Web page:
Living standards crash as recession cuts deep
The living standards of British workers are being progressively destroyed, during the longest slump in the modern age as the capitalist recession takes its toll on the only people who create value in society.
Wages have decreased by a total of 6% in real terms in the last five years, as people have accepted cuts in pay or reduced hours in order to stay in a job at any cost.
On paper, average earnings increased by 1.3% in the first quarter of 2013, but this is skewed by the massive pay and bonuses of the richest. The reality is that workers’ wages are going backwards, whilst inflation is running at 2.7% per annum.
One-third of workers found their wages were frozen between 2010 and 2011, and 70% experienced real wage cuts, according to a new report from the Institute of Fiscal Studies.
It compares the situation today to the Great Depression of the 1930s, and finds that it is worse. The slump, says the IFS, has been "deeper and longer than those of the 1990s, the 1980s and even the 1930s. It has seen household incomes and spending drop more and stay lower longer."
There has been an unprecedented drop in productivity in the UK, with factories producing 10% less than they were in 2007, the year before the crash. The drop in household incomes means that the service and retail sector are poised for further bankruptcies and closures.
And it's the same picture across the world, as the World Bank today cut its forecast for growth in global GDP in 2013 from 3.1% to 3%. This is in effect negative growth because it does not cover even the needs of the increase in global population.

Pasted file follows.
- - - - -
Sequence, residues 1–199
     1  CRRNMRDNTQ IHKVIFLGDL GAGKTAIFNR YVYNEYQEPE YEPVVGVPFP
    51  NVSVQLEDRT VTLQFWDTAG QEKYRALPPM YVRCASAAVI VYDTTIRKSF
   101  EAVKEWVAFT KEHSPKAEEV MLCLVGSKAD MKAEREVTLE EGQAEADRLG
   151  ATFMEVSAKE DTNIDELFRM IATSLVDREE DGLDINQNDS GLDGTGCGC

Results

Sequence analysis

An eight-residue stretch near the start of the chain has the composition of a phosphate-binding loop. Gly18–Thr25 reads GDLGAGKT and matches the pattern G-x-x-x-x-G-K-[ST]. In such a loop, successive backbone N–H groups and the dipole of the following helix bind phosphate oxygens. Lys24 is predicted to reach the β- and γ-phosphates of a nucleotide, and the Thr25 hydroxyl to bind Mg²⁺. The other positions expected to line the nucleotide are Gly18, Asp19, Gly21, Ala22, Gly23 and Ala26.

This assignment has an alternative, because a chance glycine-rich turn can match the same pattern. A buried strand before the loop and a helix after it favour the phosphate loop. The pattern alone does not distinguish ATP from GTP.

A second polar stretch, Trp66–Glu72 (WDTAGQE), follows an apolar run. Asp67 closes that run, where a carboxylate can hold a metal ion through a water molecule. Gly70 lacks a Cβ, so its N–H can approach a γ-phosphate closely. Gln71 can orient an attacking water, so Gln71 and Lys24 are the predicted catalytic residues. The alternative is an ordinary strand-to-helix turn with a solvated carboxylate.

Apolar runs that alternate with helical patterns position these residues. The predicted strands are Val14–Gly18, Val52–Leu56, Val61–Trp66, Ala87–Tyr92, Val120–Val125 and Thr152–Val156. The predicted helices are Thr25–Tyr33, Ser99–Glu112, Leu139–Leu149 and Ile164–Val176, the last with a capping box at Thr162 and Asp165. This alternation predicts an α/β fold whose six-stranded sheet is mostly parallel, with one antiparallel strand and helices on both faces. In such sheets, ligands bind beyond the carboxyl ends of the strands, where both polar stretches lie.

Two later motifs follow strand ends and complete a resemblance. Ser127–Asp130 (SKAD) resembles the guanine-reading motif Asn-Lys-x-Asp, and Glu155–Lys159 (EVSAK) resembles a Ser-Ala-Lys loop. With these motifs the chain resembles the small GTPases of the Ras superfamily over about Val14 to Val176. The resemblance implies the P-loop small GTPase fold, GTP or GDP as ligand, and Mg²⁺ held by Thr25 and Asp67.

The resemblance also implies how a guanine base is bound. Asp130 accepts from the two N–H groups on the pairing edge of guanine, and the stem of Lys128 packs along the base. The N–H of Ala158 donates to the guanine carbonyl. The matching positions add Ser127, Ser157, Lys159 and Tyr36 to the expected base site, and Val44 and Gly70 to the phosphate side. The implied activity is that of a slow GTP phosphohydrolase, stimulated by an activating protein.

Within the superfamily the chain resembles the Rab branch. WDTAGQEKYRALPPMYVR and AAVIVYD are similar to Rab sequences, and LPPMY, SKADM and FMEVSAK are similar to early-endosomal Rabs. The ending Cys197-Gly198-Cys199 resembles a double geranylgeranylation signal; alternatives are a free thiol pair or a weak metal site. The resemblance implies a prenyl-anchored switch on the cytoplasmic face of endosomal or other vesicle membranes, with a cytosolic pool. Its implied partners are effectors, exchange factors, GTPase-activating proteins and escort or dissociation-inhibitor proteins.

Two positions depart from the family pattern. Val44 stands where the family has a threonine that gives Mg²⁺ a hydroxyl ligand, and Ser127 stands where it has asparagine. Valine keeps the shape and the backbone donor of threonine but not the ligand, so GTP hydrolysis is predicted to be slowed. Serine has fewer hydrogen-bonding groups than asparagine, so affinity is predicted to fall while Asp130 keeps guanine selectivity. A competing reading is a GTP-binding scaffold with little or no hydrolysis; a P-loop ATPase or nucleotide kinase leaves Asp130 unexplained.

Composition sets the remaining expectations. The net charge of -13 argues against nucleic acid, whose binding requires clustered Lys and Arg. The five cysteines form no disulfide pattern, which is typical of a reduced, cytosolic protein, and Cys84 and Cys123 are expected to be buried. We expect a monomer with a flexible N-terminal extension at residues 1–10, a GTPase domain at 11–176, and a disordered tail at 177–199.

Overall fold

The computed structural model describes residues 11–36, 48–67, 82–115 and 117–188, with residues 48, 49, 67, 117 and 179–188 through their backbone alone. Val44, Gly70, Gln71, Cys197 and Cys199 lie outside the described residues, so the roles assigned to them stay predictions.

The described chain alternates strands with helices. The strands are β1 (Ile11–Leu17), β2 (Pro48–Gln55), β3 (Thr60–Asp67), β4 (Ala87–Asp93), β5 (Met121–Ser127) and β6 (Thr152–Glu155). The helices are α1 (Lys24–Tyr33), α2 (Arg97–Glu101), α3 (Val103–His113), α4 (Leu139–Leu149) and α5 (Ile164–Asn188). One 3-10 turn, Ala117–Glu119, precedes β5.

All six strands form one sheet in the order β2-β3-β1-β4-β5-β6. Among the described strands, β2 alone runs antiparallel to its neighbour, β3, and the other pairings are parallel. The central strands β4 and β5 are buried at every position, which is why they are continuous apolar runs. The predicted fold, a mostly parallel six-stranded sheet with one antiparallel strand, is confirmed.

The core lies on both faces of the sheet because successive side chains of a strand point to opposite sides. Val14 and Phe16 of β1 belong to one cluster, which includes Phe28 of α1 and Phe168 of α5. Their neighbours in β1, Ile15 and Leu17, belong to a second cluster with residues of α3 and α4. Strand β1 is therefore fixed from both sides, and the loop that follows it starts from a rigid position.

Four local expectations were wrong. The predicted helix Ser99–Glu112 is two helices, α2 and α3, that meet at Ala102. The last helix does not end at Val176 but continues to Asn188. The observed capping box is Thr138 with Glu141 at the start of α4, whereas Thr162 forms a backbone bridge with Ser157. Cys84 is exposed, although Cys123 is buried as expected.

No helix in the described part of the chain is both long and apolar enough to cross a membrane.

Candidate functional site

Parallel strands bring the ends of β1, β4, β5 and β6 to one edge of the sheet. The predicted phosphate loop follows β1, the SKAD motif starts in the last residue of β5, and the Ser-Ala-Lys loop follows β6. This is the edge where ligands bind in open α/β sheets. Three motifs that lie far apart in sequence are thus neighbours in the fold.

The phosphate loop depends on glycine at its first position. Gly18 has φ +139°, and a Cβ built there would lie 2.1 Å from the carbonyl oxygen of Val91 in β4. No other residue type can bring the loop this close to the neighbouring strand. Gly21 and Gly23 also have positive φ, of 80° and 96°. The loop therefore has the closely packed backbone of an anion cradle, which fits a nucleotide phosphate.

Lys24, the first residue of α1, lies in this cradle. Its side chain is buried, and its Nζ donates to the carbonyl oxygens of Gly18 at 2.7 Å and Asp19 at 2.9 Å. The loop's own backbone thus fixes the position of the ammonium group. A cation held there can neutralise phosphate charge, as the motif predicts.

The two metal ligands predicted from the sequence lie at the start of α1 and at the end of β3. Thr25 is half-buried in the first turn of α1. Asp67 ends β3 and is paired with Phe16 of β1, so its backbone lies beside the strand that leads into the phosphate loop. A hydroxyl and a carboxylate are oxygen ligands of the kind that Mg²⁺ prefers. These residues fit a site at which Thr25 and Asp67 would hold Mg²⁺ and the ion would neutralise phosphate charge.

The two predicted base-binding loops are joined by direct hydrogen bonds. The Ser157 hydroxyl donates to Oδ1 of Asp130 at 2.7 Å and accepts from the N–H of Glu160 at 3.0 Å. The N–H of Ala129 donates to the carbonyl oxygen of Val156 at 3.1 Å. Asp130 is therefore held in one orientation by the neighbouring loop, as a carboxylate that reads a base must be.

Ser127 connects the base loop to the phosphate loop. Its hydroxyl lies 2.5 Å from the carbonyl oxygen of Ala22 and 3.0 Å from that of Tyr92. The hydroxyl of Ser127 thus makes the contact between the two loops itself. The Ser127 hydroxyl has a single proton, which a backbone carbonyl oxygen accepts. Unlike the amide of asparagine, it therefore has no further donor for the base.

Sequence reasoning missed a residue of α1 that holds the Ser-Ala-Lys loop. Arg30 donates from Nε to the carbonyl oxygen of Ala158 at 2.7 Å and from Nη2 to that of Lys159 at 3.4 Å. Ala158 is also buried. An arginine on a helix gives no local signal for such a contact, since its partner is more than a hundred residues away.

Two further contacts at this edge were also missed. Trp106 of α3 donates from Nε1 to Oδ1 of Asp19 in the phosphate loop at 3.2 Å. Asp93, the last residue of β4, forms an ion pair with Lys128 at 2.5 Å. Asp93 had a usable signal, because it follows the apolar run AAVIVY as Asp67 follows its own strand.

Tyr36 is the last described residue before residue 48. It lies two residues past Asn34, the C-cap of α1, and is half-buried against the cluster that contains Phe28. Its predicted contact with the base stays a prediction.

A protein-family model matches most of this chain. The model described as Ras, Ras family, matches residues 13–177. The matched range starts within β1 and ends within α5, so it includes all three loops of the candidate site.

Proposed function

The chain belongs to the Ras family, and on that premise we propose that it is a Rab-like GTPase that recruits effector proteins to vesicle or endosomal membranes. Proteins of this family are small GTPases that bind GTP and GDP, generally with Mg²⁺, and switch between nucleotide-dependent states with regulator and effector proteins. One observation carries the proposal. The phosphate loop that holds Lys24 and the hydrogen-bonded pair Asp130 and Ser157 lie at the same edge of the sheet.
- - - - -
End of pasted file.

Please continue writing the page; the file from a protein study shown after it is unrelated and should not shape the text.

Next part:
Few new workers are entering the world economy, and this can be seen by the massive levels of youth unemployment everywhere.
The World Bank further predicts that the eurozone economy will shrink by 0.6% this year. Growth is slowing in China and India.
The TUC today launches a new campaign "Britain needs a pay rise", but it is all empty rhetoric. A Facebook "like" is not going to put a penny in the pocket of workers, unionised or otherwise.
Last year, the TUC conference pledged an all-out fight against the prolonged freeze in public sector imposed by the ConDems. But nothing whatsoever resulted in terms of action, after the Labour leadership endorsed the government’s policy.
More important than the empty words of the suits at the TUC is the political transformation of a whole generation of young people across the globe. They are being excluded from the world economy, not only in Greece, Spain, Portugal and the UK but also in Turkey, Egypt, Syria, Tunisia and beyond.
And the fact that their response to this is to put themselves in the leadership of movements for democracy is a recognition on their part that this economic crisis – we might say this economic exclusion – can only be solved by political means.
It is governments who enforce the law that growth is the only criteria worth pursuing. They are all, universally, in every country mentioned above, fully committed to the perspective that people's capacity to work is a commodity, like any other commodity. If an individual is unable to sell it, or can only achieve a low price for it – that's just the law of the market.
This has always been the case. It is worth reminding ourselves that the transformation of Britain into a low wage economy predates the economic crash. The wages of full-time workers barely grew between 2003 and 2008 and were negative for the lowest earners, who never benefited from the Blair/Brown credit-fuelled boom.
What has changed is that all pretence that the state is concerned for the poorest and can act to alleviate the worst impacts of this market, has been removed.
Therefore it is not austerity per se we should rail against but the rule of the capitalist market and the exploitation of labour for profit, which is destroying our living standards, our economic future and our planet.
13 June 2013